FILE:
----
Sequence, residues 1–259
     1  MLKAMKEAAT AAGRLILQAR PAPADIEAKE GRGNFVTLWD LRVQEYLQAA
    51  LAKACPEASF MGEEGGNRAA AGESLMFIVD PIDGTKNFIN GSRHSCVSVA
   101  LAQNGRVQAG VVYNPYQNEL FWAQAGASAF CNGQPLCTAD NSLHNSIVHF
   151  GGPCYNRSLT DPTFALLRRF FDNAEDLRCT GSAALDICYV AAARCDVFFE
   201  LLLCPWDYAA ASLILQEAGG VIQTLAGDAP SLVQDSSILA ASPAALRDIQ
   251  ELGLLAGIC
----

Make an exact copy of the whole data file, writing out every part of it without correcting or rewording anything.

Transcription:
Sequence, residues 1–259
     1  MLKAMKEAAT AAGRLILQAR PAPADIEAKE GRGNFVTLWD LRVQEYLQAA
    51  LAKACPEASF MGEEGGNRAA AGESLMFIVD PIDGTKNFIN GSRHSCVSVA
   101  LAQNGRVQAG VVYNPYQNEL FWAQAGASAF CNGQPLCTAD NSLHNSIVHF
   151  GGPCYNRSLT DPTFALLRRF FDNAEDLRCT GSAALDICYV AAARCDVFFE
   201  LLLCPWDYAA ASLILQEAGG VIQTLAGDAP SLVQDSSILA ASPAALRDIQ
   251  ELGLLAGIC